Can I get a mortgage for more than the house is worth?

A surprising number of reader questions this month focused on building and renovations. Picture: iStock
A surprising number of reader questions this month focused on building and renovations. Picture: iStock

A surprising number of reader questions this month focused on building and renovations, as people seem to be tired of looking at the same four walls during lockdown. With interest rates being cut significantly over the past few months, those who still have incomes may be flush enough to do overdue upgrades


JOHN WRITES:

I am interested in taking out a bond for a house in a new development that is a high-security complex. Am I allowed to take out more than what the costs are to build the house to pay for some extras in the build? 

CITY PRESS REPLIES:

This is a discussion you would need to have with your bank. A bank is unlikely to provide financing above the value of the property. They usually want there to be some equity in the property to provide protection in case you default and the property must be sold. However, if the extras add to the value of the house, that may be a consideration.

Keep in mind that a building loan is different from a regular home loan in that the bank pays out the building loan in tranches as the building progresses.

Should I use my RA to renovate?

JOEY WRITES:
I have a pension fund with my company, but I also have two retirement annuities (RAs) with a total value of R500 000.

I am 56 years old and they are paid up. I am thinking of cashing them in to renovate my house as it is in urgent need of attention.

I have a mortgage of R1.8 million and I need about R250 000 to renovate. Is it a good idea to use my RA money?

I am planning to sell it in 10 years’ time, to move to a smaller house with my husband when the kids are independent.

CITY PRESS REPLIES:
When accessing your retirement fund, you can only take out one-third of your RA benefit as cash, and the rest must be converted into income.

The problem is that, if you “retire” from these policies, the two-thirds will be turned into income that you probably do not need at the moment and would be better left to just grow.

The one possibility is that, if either of the RAs’ current value is less than R247 500, you can fully cash it in.
Keep in mind that, if you retire from a fund, you can get R500 000 out tax-free (assuming you have not withdrawn before).

If you use this benefit for the RA policies, it will not be available when you formally retire from your company fund.

You should meet with a financial planner to make sure you have a proper retirement strategy in place.

You do not want to enter retirement with such a large mortgage, so consider focusing on paying that off over the next  10 years.

Should I take out a new bond for improvements?

TEBOGO WRITES:
I am currently in year 12 of my home loan and would like to make some home renovations by utilising my home loan through refinancing.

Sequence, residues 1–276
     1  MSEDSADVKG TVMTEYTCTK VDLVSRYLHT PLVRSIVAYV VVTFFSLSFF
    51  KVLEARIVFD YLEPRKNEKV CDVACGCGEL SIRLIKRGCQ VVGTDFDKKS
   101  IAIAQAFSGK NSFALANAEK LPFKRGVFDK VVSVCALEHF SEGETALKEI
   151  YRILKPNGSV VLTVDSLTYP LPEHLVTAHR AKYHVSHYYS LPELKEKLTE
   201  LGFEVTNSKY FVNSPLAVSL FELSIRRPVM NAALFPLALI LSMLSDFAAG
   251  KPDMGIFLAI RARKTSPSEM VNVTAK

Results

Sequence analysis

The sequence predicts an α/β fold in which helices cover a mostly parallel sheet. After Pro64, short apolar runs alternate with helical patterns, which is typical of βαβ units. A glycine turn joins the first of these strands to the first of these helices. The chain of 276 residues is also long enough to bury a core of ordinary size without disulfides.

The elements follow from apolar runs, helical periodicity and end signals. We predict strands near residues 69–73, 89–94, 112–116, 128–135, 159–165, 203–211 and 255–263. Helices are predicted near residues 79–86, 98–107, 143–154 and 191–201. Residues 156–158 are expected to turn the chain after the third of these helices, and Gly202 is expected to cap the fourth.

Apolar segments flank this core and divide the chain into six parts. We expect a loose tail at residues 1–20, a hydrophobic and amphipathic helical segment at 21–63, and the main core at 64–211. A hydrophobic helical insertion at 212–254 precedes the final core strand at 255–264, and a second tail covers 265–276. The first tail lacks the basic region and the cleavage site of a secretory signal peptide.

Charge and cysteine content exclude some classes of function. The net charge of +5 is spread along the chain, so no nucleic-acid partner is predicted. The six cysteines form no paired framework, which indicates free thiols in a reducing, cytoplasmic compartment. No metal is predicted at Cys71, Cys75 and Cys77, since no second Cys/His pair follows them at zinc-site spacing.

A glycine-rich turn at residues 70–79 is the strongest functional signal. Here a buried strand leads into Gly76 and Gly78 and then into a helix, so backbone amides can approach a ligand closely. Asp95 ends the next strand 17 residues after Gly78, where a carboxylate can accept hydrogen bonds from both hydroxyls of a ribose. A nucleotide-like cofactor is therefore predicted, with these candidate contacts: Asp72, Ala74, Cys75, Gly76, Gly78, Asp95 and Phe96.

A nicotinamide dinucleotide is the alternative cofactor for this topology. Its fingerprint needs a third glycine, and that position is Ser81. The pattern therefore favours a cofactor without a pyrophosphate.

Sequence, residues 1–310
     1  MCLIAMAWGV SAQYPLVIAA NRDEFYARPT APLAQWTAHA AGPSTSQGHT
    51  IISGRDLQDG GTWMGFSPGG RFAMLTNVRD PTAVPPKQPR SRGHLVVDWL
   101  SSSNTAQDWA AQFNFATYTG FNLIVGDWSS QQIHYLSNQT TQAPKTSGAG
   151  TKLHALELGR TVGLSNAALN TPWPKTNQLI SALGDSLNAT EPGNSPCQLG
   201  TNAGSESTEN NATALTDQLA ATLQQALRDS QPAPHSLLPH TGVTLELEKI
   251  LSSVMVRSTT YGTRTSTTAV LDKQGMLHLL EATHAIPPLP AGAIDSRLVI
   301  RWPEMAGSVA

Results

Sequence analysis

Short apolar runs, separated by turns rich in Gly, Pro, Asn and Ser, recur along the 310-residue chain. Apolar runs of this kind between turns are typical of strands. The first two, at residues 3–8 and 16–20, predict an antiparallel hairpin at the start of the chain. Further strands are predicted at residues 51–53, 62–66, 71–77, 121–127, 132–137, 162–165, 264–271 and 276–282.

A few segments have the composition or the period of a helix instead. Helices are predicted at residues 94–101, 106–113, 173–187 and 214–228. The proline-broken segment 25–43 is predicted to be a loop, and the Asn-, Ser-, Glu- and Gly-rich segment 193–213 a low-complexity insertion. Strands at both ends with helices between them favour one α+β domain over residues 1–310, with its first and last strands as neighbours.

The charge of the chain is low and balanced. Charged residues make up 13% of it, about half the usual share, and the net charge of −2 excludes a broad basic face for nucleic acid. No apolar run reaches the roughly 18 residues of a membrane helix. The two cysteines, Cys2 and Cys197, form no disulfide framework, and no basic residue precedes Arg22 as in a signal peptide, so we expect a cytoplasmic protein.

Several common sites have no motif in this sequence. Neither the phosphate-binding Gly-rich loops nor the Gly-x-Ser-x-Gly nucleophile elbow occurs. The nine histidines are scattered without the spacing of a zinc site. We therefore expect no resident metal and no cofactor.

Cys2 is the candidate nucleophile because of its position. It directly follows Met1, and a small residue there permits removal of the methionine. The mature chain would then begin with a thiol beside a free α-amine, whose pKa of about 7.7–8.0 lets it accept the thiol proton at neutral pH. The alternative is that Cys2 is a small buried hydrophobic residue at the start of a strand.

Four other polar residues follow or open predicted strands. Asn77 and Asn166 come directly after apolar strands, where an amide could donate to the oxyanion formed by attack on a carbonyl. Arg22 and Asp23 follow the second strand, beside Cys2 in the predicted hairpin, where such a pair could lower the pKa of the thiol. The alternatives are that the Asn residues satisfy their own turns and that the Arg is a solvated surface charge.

My current home loan provider does not offer this option and I have considered switching to another bank for this purpose. I am currently on prime minus 1.75%.

If I do switch, does it mean I have to take another 20-year bond, and would the interest rate be matched?

CITY PRESS REPLIES:
Due to the cost of funding, the discount to prime has reduced significantly over the past few years, which means there is a good chance you would not get the same rate, so it is important to do some research.

You can finance a home loan over as short a period as five years, so that is not an issue.

However, keep in mind that, if you take out a new mortgage, you will pay significant costs to re-register the bond,  so build that into your calculations. 

Discuss your options with your current home loan provider and also consider taking out a personal loan.

Although the interest rate on a personal loan would be higher, it will have lower initial costs and, if you are able to pay it off over a shorter period of four or five years, it may work out to be cheaper.

Whenever you are comparing loan structures, always look at the total cost over the full period.

Help! My debt holiday is over and I have no income

GAVIN WRITES:

As a hairdresser, I’ve been back at work for three weeks. However, clients are scared to come in and I am not earning sufficient income.

I took a debt repayment holiday on my home loan, but that expires at the end of the month and I can only afford to pay half the instalment. What can I do?

CITY PRESS REPLIES:

You need to immediately have a discussion with your bank. The banks will look at each request on a case-by-case basis.

If you had not fallen behind on payments prior to lockdown, it is likely you could come to an agreement where you pay 50% of the mortgage for a certain period of time until your income stabilises.

Once you are able to, try to increase your repayments to catch up on the ones you missed.

Can my employer keep my TERS payment?

VIJAY WRITES:

My company made me take my annual leave during lockdown. The Covid-19 Temporary Employee Relief Scheme (TERS) was paid to them, but they are not paying it over to me.

They said they would reimburse our leave days instead, but I would rather have the money. Can they do this?

CITY PRESS REPLIES:

According to labour lawyer Michael Bagraim, the labour minister made this legal suggestion to employers.

“Employers have been following this route. It sounds bad, but the employer can credit the employee with the leave taken,” says Bagraim.

This is different from when employers make staff take forced unpaid leave.


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Maya Fisher-French 

Personal Finance Editor

+27 11 713 9001
personalfinance@citypress.co.za
www.citypress.co.za
69 Kingsway Rd, Auckland Park

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